Bipolar Radiofrequency Endometrial Ablation Compared With Hydrothermablation for Dysfunctional Uterine Bleeding: A Randomized Controlled Trial

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To compare the effectiveness of two second-generation ablation techniques, bipolar radiofrequency impedance-controlled endometrial ablation and hydrothermablation, in the treatment of menorrhagia.


This study was a double-blind, randomized controlled trial, which took place in a large teaching hospital in The Netherlands with 500 beds. Women with menorrhagia were randomly allocated to bipolar radiofrequency ablation (bipolar group) and hydrothermablation (hydrotherm group). At follow-up, both women and observers remained unaware of the type of treatment that had been performed. The primary outcome was amenorrhea. Secondary outcome measures were patient satisfaction and reintervention.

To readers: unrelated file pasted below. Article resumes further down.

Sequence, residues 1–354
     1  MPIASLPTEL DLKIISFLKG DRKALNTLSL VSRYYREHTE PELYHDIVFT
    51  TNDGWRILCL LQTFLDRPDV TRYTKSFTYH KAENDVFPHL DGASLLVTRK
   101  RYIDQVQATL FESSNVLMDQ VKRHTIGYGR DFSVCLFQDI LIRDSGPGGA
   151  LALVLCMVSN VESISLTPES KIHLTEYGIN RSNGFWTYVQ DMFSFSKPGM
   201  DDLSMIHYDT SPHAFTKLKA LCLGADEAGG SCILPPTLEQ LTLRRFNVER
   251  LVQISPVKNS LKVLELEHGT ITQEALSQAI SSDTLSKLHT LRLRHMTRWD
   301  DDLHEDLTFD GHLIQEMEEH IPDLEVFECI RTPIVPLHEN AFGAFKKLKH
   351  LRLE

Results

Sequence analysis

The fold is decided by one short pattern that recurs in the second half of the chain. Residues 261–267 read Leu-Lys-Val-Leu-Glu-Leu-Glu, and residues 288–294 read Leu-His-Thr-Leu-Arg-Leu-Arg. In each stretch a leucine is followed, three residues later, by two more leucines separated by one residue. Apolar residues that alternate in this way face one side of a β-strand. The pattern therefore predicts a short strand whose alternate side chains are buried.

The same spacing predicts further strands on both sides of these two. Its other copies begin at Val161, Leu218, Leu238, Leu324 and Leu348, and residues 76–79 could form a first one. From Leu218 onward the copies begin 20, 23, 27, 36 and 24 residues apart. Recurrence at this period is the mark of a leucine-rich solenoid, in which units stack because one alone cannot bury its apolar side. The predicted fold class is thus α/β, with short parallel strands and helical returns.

We included 160 women in the study, of which 82 were allocated to the bipolar group and 78 to the hydrotherm group. No complications occurred in either of the treatment groups. After 12 months, 87% (65 of 75) of the patients in the bipolar group were completely satisfied with the result of the treatment compared with 68% (48 of 71) in the hydrotherm group (relative risk 1.3, 95% confidence interval [CI] 1.03–1.6). The amenorrhea rates were 47% (35 of 75) in the bipolar group and 24% (17 of 71) in the hydrotherm group (relative risk 2.0, 95% CI 1.2–3.1). The relative risks for a reintervention in the bipolar group compared with the hydrotherm group was 0.29 (95% CI 0.12–0.67), whereas for hysterectomy, this was 0.49 (95% CI 0.15–1.5).


In the treatment of menorrhagia, bipolar radiofrequency endometrial ablation system is superior to hydrothermablation.


ISRCTN Register,, ISRCTN23845359.



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